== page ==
Ever since the Microsoft Xbox, Nintendo Wii, and Sony PlayStation added motion controls, couch potatoes have had the ability to transform into fitness freaks. We evaluated five of the most popular fitness games to see how much of a workout they provide and how much fun they offer.
Each game requires the optional motion controls for your gaming consoles: Wii Remote for Nintendo Wii U, the PlayStation Move and Eye for the Sony PlayStation3, and the Kinect for the Microsoft Xbox 360. Kinect games have a distinct advantage in this category since they track your full body movements, though accuracy varies from game to game.
How we tested
We had two of our in-house fitness experts and our resident gaming expert evaluate each game. On the gaming end, we paid special attention to:
Visual elements. The onscreen trainers should be detailed in appearance and well-animated so that their movements are easy to follow.
Fun factor. We looked beyond traditional workout routines to see what else the games had to offer. For example, some of the games offer dance routines or mini-games such as dodgeball, which players might find more fun than a traditional grueling workout.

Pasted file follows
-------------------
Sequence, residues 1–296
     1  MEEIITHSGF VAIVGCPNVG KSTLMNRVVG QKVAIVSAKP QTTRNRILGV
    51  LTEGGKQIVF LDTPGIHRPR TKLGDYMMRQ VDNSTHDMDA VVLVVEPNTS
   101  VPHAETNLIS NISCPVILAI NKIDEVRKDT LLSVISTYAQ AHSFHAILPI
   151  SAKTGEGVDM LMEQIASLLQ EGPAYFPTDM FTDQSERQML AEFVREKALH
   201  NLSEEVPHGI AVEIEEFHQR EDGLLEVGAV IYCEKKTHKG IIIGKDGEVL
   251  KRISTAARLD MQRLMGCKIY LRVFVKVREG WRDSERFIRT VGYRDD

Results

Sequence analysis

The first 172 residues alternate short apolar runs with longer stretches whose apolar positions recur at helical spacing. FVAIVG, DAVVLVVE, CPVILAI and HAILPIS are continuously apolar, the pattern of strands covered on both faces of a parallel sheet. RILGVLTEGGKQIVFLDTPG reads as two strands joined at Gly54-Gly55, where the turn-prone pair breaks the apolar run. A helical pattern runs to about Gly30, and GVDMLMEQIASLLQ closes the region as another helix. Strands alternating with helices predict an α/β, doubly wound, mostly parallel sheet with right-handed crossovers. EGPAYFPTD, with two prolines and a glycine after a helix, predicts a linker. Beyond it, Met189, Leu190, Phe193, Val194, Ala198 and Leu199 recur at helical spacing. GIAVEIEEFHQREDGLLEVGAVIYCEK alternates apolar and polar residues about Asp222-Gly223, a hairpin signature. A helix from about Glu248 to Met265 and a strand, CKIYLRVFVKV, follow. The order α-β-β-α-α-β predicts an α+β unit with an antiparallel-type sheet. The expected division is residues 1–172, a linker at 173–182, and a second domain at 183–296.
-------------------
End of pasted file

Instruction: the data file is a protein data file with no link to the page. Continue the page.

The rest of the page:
Accuracy of movement tracking. This is important in fitness games so that the game can provide proper feedback on form. The whole point of these games is to get in shape, and doing exercises incorrectly can diminish the value of the workout or even cause injuries. To test each program’s tracking, we did the moves correctly to see how accurately they were tracked, and then performed them incorrectly to see if the game caught us "cheating."
In terms of fitness, our experts evaluated the games on criteria including the following:
Session sequencing. This refers to how the workout is structured. A good session should include warm up, conditioning, and cool down.
Conditioning elements. These include strength, muscular endurance, cardiovascular conditioning, and flexibility. Each of these elements was analyzed based on the appropriate metrics for that type of exercise. For example, we measured active heart rate for cardiovascular exercise, fatigue level during repetitions for strength or muscular endurance exercise (these will differ based on a person's current level of strength), and the amount and type of stretching during flexibility training.
Skill-based elements. This refers to the speed, power, balance, reaction time, agility, and coordination required for the program.
The fitness evaluations also included our experts' general impressions of the programs’ flow, level of challenge, and feedback given by the game. They also looked at each programs' appropriateness for different abilities, and the systems’ and games’ ability to recognize motion during standing and floor exercises.
If it's been a while since you exercised regularly or if you have a high risk of coronary heart disease or a chronic health problem, refer to this advice from the American Heart Association before you start an exercise regimen.